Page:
P7-P8 mice were sacrificed by decapitation. The first postnatal day is counted as P0. The organ of Corti was dissected as described for rats (Ricci et al., 2005) with little modification. Briefly, the inner ear was transferred to a chamber with dissection solution (in mM): 141.7 NaCl, 5.36 KCl, 1 MgCl2, 0.5 MgSO4, 0.1 CaCl2, 3.4 L-Glutamine, 10 glucose and 10 H-HEPES, pH 7.4. The bony capsule was opened to expose the cochlea and the stria vascularis and tectorial membrane were removed. The cochlear coil was fixed in a recording chamber with glass bottom. The recording chamber was perfused with WPI Peri-Star peristaltic pump (World Precision Instrument, Sarasota, Florida) with artificial perilymph (in mM): 144 NaCl, 0.7 NaH2PO4, 5.8 KCl, 1.3 CaCl2, 0.9 MgCl2, 5.6 glucose, and 10 H- HEPES, pH 7.4. Cells were observed with an Olympus BX51WI microscope mounted with a 60X water-immersion objective and Qimaging ROLERA-RX camera (Qimaging, Canada) with 2X optic extender (Edmund, Barrington, NJ). OHCs in the apical and apical-middle turns were recorded at room temperature (19 –22°C). Patch pipettes were pulled with Sutter P-97 (Sutter instrument, Novato, CA) and polished with MF-830 microforge (Narishige, East Meadow, NY) with resistances of 1.5–2 MΩ from borosilicate glass with filament (Sutter instrument, Novato, CA), filled with intracellular solution (in mM): 140 KCl, 1 MgCl2, 0.1 EGTA, 2 Mg-ATP, 0.3 Na-GTP and 10 H-HEPES, pH7.2. Cells were whole-cell patched for recoding mechanotransduction currents at −70 mV holding potential with an Axopatch 200B (Molecular Devices, Sunnyvale, CA) or an EPC 10 USB (HEKA instruments, Bellmore, New York) patch-clamp amplifier. Transduction currents were digitized ≥ 20 KHz with Digidata 1440A AD/DA converter and pClamp 10.0 software (Molecular Devices, Sunnyvale, CA), or Patchmaster 2.35 softeware (HEKA instruments, Bellmore, NY). Usually, recordings were made in the first row of OHCs. And each preparation was recorded within 1 hour.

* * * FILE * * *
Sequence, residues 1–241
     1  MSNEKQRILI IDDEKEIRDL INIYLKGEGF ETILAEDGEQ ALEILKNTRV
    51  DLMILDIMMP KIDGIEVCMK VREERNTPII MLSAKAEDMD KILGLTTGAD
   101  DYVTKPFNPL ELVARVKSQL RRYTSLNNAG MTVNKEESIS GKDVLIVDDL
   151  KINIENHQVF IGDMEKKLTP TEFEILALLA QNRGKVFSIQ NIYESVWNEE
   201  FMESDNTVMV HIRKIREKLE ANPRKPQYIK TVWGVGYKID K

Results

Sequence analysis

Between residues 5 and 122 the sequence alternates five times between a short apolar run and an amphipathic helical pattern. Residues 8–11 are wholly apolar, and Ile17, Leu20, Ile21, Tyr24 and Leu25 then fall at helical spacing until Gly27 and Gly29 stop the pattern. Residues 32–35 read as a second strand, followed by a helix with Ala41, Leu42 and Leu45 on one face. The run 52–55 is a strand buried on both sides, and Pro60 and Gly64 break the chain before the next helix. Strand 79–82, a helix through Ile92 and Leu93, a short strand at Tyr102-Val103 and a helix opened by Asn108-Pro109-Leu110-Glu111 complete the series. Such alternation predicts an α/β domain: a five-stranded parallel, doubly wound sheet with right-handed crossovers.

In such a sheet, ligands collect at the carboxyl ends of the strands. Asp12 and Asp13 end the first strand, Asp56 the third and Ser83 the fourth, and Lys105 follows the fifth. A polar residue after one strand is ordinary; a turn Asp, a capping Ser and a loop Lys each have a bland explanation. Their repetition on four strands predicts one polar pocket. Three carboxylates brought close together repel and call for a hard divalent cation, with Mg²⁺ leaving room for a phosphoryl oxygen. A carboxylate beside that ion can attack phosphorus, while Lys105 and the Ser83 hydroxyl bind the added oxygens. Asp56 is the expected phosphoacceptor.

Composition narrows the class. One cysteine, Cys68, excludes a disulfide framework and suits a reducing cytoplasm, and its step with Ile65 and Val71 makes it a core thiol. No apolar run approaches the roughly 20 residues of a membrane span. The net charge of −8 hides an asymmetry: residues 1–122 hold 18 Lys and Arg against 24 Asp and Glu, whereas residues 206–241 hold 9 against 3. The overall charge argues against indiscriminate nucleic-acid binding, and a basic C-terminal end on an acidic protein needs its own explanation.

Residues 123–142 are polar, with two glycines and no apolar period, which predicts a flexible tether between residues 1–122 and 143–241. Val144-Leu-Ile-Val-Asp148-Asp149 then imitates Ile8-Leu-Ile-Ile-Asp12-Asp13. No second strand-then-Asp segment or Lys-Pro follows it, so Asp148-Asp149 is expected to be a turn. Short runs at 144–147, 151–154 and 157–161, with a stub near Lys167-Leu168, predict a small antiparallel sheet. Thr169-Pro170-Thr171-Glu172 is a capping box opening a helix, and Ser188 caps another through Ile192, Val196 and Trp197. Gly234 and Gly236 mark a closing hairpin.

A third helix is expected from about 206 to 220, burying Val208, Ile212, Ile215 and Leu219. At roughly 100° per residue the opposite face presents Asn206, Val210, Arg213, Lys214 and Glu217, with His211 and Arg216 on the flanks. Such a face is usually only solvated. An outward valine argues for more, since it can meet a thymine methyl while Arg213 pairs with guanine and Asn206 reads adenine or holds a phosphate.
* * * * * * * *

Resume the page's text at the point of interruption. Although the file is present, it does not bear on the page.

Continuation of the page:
For mechanical stimulation, hair bundles were deflected with a glass probe mounted on a piezoelectric stack actuator (model P-885, Physik Instrument, Karlsruhe, Germany). The tip of the pipette was fire-polished to about 3 μm diameter to fit the “V” shape of hair bundle of OHCs (apical-middle coil). The tip of the probe was cleaned in chromic acid to allow adherence to hair bundle. The actuator was driven with voltage steps that were low-pass filtered with an eight-pole Bessel filter (model 900CT, Frequency Devices Ottawa, IL) at 5 KHz frequency to diminish the resonance of the piezo stack. The output driving voltage to the piezo stack was monitored by oscilloscope to ensure the rise time was less than 100 ms. The deflection of piezo stack was calibrated with an Olympus IX70 microscope equipped with a 100X oil-immersion objective (NA 1.3) and a Hamamatsu Orca ER-II camera (Hamamatsu Photonics, Bridgewater, NJ) with a resolution of 1344×1024 pixels. In brief, the electrode with 0.1 μm tip was fixed to the piezo stack. Then the movements induced by certain driving voltage were measured and plotted to calculate the slope. The microscopy system was calibrated with a stage-micrometer and operated by Metamorph software (Molecular Devices, Sunnyvale, CA).